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This week at rabble: The clash between remembrance and deliberate forgetfulness in Canada

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Every year, Canadians turn up by the hundreds to watch the Remembrance Day ceremony unfold at the National War Memorial in Ottawa. Rain or snow, they're there to mark the passing of friends, family and time. It's a sombre affair, a mood that is mirrored through similar ceremonies across the country. But even as we remember Canada's troops, we continue to forget many of the less palatable aspects of Canada's past and present.

Things like our participation in colonial conquests. From requesting possession of the British West Indies to snubbing black voters, Yves Engler explores the often overlooked nuances of Canada's complicated colonial past. He challenges the repetitive binary of war and peace, questioning who and what guides our recollection of history, and what we should be remembering on November 11.

Doreen Nicoll spins that history of colonial prejudice right into the present, demanding our current government get the ball rolling on an inquiry into Canada's missing and murdered Indigenous women. Like Engler, Nicol looks back to the past before stepping forward -- and what she finds isn't pretty. As it turns out, our former PM might have misread the situation when he said it wasn't "really high on our radar, to be honest." With 1,181 cases of femicide still unexplored, it's going to take a lot for Canada to start rectifying the damage done.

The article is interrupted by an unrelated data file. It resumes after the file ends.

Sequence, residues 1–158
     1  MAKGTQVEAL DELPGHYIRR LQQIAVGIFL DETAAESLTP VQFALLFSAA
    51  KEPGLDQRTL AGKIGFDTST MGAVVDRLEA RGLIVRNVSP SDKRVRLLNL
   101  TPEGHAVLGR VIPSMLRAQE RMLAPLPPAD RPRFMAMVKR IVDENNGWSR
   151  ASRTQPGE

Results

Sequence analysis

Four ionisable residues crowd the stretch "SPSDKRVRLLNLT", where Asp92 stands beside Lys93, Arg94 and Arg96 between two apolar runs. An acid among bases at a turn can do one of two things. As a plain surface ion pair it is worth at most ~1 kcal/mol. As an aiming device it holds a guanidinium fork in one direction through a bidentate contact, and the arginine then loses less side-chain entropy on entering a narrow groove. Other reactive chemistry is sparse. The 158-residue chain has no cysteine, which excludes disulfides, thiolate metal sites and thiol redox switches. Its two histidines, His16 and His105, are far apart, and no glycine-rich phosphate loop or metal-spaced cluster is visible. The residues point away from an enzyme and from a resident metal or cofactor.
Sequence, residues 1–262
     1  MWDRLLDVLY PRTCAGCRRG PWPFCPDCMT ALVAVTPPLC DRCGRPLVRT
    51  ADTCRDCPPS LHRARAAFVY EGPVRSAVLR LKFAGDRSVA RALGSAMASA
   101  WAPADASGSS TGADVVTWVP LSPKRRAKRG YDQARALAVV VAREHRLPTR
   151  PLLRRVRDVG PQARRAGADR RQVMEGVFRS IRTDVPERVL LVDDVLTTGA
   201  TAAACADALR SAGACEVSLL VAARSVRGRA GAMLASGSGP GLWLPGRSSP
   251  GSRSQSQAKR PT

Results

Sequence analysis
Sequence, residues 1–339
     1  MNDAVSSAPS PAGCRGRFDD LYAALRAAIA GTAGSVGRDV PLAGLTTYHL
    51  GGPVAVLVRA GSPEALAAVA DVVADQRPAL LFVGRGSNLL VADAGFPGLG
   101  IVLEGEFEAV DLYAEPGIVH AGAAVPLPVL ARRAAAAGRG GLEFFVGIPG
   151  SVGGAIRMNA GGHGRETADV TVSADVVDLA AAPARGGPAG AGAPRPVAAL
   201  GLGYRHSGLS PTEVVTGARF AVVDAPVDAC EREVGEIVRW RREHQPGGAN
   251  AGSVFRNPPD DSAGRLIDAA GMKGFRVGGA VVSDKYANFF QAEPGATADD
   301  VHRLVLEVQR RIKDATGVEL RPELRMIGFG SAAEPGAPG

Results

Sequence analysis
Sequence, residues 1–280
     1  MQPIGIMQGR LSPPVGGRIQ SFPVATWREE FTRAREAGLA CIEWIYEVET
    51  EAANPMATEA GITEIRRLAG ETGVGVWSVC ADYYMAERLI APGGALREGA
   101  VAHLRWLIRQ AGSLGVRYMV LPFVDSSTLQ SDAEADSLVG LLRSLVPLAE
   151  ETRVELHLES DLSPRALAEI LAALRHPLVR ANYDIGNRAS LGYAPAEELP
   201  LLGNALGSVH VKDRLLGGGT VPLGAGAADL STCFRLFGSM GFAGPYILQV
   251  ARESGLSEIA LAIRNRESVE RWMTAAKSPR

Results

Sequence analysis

Remember Jian Ghomeshi, the former CBC host connected to a series of violent sexual assaults? Lucia Lorenzi does, and so should you. She looks at the slow death of that national narrative and how our collective forgetfulness puts the survivors of sexual assault at risk. As she says, there's a cost to privacy, and for speaking out. If we don't pay it in consciousness and action, then those touched most by injustice will continue to pay it in stigmatization, discrimination, and labour.

But not all Canadians are so adept at forgetting the past. While looking at the fanfare surrounding the election of Canada’s new PM, Dennis Gruending encounters a group of vocal critics who aren't taking the change well. Are Trudeau's core supporters really a group of "Laurentian elites, tribal Quebec voters, disempowered and miserable Aboriginals, and Maritimers possessing a loser ethos," as one professor at the University of Calgary termed them? Or are we entering a time of debate and social change?

If it's a debate, talk is cheap. As Postmedia amalgamates more papers in Canada's west to save costs, Canadians are increasingly turning away from mainstream media outlets to stay informed. David Climenhaga looks at editorial bias and the problematic business of journalism, delving deep into the conflicts that arise between papers and their owners. Should we be planning for succession, or is our flawed national media still worth saving? John Miller follows things up with a look forward, and what we should expect if we're decide to shake off the shackles to traditional media. Hint: Things don't end well in a world dominated by "gigantic corporations who want to control your every keystroke."

And on that cheery note, we're nearly through the week. Have a great weekend!

Jen Halsall is a journalism student based in Ottawa and the rabble.ca blogs intern.

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Keep Karl on Parl

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